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SCI/TECH: 10Gbps Ethernet In The Works

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posted on Jul, 25 2004 @ 11:15 AM
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With 1Gpbs ethernet just now becoming standardized, developers are already looking to the future. In the past whenever more bandwith is made avaliable, applications are quickly found that use up that extra speed. Already the IEEE (the group that determines the standards for networking mediums) is amending standards to start paving the way for 10Gbps communication.
 



www.reed-electronics.com
For years, people have cited users' insatiable appetite for more and more data as the primary driving factor for our ever-expanding networks. Each time Ethernet rates have been increased by an order of magnitude, users have quickly consumed the newly available bandwidth.

With 1-Gbps Ethernet NICs (network-interface cards) becoming standard on desktop and workstation computers, silicon vendors are poised to once again bring Ethernet to a new level by reaching for 10 Gbps.




Please visit the link provided for the complete story.


For people that don't exactly know that much about networking technology, if you are reading this article you are using a network. Networks communicate over different methods known as a medium, which could be anything as simple as telephone wires or as complex as microwave transmissions.

The standard for a while now has been 100Mbps (pronounced mips) transmission, which means 100000000 bits per second. Currently the world is transitioning to 1Gbps (I guess its pronounced gips) which means 1000Mbits or 100000000000 bits per second (by the way a byte is 8 bits of data) and this new technology would mean 10Gbps or 1000000000000 bits per second.

Whenever 10Gpbs becomes standard, current data could be transferred instantly and network slowdowns would quickly become a thing of the past, leading to more efficient uses of technology by everyone.

EDIT: Correction - Article stated bits instead of byte.

[edit on 7-25-2004 by Valhall]




posted on Jul, 25 2004 @ 11:51 AM
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I really wonder what will be the maximum speed that can be made, (or bandwidth)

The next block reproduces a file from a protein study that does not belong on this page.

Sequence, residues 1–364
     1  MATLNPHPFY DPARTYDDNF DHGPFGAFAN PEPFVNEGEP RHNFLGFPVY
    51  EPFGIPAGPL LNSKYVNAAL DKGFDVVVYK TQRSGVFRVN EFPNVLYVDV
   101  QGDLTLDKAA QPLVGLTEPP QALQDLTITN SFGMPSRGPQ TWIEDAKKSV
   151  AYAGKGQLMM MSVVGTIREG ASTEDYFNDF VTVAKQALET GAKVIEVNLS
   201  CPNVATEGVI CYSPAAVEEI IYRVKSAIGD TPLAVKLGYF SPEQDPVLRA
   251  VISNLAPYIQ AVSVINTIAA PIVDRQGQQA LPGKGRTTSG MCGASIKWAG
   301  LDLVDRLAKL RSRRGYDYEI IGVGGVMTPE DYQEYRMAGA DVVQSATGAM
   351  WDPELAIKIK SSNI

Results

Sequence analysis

I mean It had to stop somewhere

[edit on 25-7-2004 by DJFiyaaBl8]



posted on Jul, 25 2004 @ 12:51 PM
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10GPS, whoa doggy. That would be cool.


There really is no end in sight. With every advancement in technology, that enables companies and scientists to discover or even create new technology. As an example look at the pc. The pc's processor speed started at about 16MHZ, now we up around 4GHZ. In only 25 years. Pretty fast. Give it another 3 years, I'll bet instead of 10GPS, it will be around 100GPS or higher.

Can't wait. Now if I could just get rid of dial-up.




posted on Jul, 25 2004 @ 01:51 PM
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what is ether?? is it thinner than say fiber optics or will the cables just be the size of banananas??

also wait for nanotechnology internet, heck just wait for nanotechnology, lol.



posted on Jul, 25 2004 @ 02:03 PM
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The internet and network speeds are only kept down due to hardware avaliabliliy and the grade of the phone networks. As for processors, in terms of MHZ not "bits" is pretty much maxed out due to heat limitations. However I belive they are working on changing from silicon chips to a new material, I read somewhere man made diamonds may be used.



posted on Jul, 25 2004 @ 02:25 PM
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The 10 gig card is already out. Intel has put it out.

www.intel.com...

It was used recently for an internet speed test in which the world record was established. It would seem the uses for something like this would be greatly limited.



posted on Jul, 25 2004 @ 02:28 PM
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Wow! Its only $4,770 for the adapter!



posted on Jul, 25 2004 @ 02:32 PM
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Wow.. apparently I didn't scroll down far enough. lol. I'll be happy with my 1 gig network. The average person won't have a need for a 10 gig card. Heck most people don't really have a need for a 100 base card either. Small businesses may use a 100 base for accessing the office database. For the most part 1 gig is overkill to them even. For quite a while the demand for the 10 gig will be extremely limited and may never reach a point where the desktop user will be using it. Also I believe that is a 64bit card and most desktop systems don't have 64bit pci slots.



posted on Jul, 25 2004 @ 03:35 PM
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I could see how this would be useful though, maybe if you were some huge corporation that transferred loads of data at a time. For the average joe like myself I might just have to wait until it gets a bit cheaper.



posted on Jul, 25 2004 @ 05:17 PM
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WOW! that is fast!

Technology grows so fast! it's hard to keep up to date!

you buy a computer that is top of the line, and next month, something new and much better comes out!



posted on Jul, 25 2004 @ 05:51 PM